Commerce Resources (CCE-V) has outlined the financial case for its remote Ashram rare earth element (REE) project in a preliminary economic assessment (PEA).
The company plans to extract 4,000 tonnes per day from an open pit at its northern Quebec Eldor property, which is enough to produce 16,850 tonnes of rare earth oxide per year. Owing to a 0.19-to-1 strip ratio and the reduced costs of using open pit, Commerce thinks it can achieve operating costs of $95.20 per tonne treated, or $7.91 per kg of rare earth oxides.
The big question these days, however, is how much the company can sell its REEs for, given the uncertainty of China’s export quotas, the many other REE projects in the pipelines and the product’s limited market.
The Ashram deposit has all five of the so-called critical rare earths — including neodymium, europium, dysprosium, terbium and yttrium — which range in assumed prices from $28 per kg for yttrium to $980 per kg for terbium. By combining these five elements with the other five present in the deposit, and using a variety of sources to predict 2017 pricing, Commerce set a basket price of $38.43 per kg for the in-pit resource. Because the company plans to sell a concentrate with the elements lumped together, it discounted the price by 25% and used a basket price of $28.82 per kg for the study.
Combining the production and price assumptions over a 25-year mine life yields a pre-tax and pre-finance net present value (NPV) of $2.3 billion with a 10% discount rate, an internal rate of return (IRR) of 44% and a payback of 2.3 years. The financials are most sensitive to the assumed rare earth oxide prices, with a 30% reduction in the basket price resulting in a 54% drop in the NPV to $1 billion, and the IRR to 25%.
Oxide recoveries provide another big variable in the model. A 30% reduction in recoveries from the assumed 67% to 47% yields similar results to the 30% price drop. The company is working on metallurgical testing on the deposit, with the best result so far showing it could produce a concentrate grade of 10.4% at a 73.4% recovery, and an 11.2% concentrate at 68.5% recovery using conventional flotation with no optimization. The PEA itself was based on a 10% concentrate at a 70% recovery. Rare earths at the project occur primarily in monazite and to a lesser extent bastnaesite and xenotime, which the company notes are the dominant minerals in commercial extraction processes for REEs.
Meanwhile the project stands up better to variations in the capital and operating expenses, helped in part by the relatively low operating costs. The study set capital costs at $763 million, which includes $42 million for port upgrades at Mackay’s Island, $287 million in mine site infrastructure, including an airport and power plant, and $204 million for a 185-km road to Ungava Bay. The company plans to haul the concentrate to the port at Mackay’s Island and ship it out during the three or four months per year of ice-free shipping. Commerce thinks it could reduce capital costs by coordinating with the Quebec government and its ambitious Plan Nord, which includes planned road and hydro lines running within 35 km of the company’s property.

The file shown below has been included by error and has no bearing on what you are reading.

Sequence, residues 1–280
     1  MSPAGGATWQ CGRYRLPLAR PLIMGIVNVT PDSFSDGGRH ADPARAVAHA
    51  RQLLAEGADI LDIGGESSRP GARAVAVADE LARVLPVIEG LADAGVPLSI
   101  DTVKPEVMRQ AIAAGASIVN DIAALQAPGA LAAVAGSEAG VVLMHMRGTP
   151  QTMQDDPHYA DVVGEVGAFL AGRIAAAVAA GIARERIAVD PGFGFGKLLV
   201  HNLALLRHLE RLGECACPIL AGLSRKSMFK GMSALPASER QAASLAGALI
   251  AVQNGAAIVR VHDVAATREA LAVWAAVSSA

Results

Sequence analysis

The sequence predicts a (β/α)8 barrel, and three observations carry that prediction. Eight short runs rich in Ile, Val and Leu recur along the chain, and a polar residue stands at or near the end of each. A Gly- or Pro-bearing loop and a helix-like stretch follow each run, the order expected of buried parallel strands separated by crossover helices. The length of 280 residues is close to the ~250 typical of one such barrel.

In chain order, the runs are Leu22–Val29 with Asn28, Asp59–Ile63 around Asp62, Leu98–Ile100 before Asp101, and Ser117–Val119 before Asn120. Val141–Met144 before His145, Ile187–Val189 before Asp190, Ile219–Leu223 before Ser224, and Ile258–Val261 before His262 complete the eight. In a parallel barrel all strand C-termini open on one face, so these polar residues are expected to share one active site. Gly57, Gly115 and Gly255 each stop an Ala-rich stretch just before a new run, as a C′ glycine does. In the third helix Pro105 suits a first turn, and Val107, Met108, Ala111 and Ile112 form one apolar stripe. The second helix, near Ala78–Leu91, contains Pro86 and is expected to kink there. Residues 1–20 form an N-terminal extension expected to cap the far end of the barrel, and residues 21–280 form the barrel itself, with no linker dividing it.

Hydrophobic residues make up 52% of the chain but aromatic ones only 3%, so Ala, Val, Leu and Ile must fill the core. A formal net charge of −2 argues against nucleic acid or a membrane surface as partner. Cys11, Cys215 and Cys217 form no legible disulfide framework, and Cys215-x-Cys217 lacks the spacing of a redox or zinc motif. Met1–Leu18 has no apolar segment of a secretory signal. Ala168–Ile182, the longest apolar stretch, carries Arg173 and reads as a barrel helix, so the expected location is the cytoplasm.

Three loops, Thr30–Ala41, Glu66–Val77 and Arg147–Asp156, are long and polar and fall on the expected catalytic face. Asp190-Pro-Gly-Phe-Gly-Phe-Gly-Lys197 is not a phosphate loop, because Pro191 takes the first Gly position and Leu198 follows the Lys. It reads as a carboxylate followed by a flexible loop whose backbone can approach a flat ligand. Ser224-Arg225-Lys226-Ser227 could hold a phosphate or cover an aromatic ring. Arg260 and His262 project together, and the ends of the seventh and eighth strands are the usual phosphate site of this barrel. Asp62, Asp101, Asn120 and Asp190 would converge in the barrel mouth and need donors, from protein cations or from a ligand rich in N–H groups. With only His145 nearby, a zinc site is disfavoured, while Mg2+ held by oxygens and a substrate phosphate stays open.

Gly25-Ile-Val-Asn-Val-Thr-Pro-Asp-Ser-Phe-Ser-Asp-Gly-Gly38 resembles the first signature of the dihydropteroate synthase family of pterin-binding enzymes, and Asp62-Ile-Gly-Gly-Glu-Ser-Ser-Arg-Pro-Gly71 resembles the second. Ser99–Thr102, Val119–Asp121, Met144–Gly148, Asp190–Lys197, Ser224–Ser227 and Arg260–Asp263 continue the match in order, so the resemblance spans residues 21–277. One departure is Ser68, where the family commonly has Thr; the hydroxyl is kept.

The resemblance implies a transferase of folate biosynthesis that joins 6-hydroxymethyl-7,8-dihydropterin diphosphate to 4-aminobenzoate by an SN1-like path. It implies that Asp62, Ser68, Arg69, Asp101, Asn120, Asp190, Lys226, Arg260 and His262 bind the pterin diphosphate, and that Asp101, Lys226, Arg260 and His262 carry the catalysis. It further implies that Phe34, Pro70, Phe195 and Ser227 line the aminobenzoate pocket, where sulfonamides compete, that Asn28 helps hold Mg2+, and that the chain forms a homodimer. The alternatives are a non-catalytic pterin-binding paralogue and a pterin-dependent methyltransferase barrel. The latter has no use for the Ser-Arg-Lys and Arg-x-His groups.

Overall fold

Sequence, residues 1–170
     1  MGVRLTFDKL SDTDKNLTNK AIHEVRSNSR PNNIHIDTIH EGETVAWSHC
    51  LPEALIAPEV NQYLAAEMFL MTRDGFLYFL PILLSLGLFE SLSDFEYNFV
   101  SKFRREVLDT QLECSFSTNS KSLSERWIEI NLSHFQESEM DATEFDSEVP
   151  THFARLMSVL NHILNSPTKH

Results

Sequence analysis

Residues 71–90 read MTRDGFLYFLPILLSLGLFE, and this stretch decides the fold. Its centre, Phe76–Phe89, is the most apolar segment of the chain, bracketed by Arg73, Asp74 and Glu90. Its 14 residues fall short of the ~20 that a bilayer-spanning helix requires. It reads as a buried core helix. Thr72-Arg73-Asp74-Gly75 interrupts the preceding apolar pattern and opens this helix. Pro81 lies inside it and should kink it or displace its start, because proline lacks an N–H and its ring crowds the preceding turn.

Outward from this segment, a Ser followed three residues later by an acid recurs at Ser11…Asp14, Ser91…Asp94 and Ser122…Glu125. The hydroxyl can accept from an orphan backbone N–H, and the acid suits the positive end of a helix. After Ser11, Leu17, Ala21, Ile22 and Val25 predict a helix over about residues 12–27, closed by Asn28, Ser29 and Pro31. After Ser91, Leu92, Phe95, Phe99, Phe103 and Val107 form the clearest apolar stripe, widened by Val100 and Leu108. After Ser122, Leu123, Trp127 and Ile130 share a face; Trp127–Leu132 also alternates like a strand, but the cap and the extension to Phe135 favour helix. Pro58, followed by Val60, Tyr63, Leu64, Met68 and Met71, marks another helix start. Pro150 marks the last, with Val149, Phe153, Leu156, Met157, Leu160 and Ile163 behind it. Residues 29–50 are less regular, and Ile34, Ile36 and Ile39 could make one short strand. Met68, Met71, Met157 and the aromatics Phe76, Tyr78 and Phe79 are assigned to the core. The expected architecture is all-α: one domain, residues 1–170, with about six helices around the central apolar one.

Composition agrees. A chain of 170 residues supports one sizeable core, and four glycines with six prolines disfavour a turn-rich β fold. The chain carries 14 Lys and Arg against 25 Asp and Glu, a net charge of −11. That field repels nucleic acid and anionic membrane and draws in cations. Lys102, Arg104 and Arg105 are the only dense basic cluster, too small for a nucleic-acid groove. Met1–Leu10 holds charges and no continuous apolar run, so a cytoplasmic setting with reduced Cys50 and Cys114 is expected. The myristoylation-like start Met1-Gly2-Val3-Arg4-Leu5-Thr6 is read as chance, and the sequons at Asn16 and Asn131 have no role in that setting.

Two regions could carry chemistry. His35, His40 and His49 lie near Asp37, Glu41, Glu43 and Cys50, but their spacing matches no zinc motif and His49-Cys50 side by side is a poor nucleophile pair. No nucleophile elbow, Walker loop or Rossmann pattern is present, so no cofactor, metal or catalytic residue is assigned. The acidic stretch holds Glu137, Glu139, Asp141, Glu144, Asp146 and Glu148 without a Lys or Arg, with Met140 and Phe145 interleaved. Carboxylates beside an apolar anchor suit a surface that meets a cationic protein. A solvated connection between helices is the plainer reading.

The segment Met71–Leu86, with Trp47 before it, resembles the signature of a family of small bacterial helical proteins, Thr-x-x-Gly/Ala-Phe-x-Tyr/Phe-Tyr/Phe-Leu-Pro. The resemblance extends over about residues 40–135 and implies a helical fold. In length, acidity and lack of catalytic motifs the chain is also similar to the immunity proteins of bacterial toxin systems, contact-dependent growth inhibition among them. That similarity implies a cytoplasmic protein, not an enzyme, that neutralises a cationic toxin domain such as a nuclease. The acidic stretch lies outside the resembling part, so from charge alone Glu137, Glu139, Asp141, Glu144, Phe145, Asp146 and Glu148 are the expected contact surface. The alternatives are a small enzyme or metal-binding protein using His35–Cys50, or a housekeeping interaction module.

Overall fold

And while infrastructure costs have been factored into a 25-year mine life model, the Ashram deposit hosts enough material to support more than 175 years of open-pit and underground mining at a 1.25% cut-off grade, or 300 years at a 0.51% cut-off grade.
As of a March update, the deposit hosts 1.6 million measured tonnes grading 1.77% total rare earth oxides (TREO), 27.7 million indicated tonnes grading 1.9% TREO and 219.8 million inferred tonnes grading 1.88% TREO. Middle and heavy rare earths represent 9.8% of measured resources, 6.7% of indicated and 6% of inferred.
Along with its Eldor property, Commerce holds the Blue River property in east-central B.C. that hosts the Upper Fir tantalum and niobium deposit. In November the company put out a PEA on the deposit that established a pre-tax NPV of $18.5 million using an 8% discount rate, and a 9.1% IRR.
Commerce Resources’ share price jumped 8¢, or 36%, to close at 30¢ on the Ashram news with 2 million shares traded. At the end of January the company had $323,000 in cash-on-hand and 143.8 million shares outstanding.